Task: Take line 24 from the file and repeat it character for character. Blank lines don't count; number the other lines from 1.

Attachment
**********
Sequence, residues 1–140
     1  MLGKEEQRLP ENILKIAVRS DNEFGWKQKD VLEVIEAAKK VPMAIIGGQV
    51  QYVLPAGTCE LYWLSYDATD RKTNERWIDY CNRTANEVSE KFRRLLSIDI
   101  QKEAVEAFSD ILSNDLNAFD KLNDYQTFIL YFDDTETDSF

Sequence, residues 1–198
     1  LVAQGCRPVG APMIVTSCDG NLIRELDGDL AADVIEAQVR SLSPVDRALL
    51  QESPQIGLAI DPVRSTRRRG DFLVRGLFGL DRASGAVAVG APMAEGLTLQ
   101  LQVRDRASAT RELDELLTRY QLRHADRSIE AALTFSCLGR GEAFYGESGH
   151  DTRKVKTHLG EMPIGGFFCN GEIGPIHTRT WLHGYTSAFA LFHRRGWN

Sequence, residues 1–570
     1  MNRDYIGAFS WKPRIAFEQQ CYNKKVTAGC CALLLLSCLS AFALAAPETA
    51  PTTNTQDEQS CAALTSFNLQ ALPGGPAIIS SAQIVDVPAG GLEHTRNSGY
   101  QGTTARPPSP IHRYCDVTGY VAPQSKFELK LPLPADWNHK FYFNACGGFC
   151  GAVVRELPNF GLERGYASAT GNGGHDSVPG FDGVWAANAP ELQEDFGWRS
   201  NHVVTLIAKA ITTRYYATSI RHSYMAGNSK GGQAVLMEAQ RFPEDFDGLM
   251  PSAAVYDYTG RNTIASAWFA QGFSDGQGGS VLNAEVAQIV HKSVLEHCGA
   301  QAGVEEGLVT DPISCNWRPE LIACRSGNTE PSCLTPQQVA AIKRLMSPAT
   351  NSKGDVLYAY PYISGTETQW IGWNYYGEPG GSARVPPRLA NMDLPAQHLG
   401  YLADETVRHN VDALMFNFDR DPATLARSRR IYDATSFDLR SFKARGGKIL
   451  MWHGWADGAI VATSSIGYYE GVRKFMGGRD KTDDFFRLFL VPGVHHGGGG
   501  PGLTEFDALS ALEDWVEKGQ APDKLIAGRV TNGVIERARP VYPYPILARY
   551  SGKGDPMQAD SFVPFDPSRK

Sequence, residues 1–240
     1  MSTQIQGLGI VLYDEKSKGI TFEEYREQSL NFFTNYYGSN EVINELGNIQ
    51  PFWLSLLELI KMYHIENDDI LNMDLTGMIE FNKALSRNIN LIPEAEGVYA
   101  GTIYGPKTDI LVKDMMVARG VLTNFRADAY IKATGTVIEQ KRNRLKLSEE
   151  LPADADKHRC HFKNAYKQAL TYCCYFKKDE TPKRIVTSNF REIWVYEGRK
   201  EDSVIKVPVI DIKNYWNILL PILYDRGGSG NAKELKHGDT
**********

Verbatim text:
     1  MSTQIQGLGI VLYDEKSKGI TFEEYREQSL NFFTNYYGSN EVINELGNIQ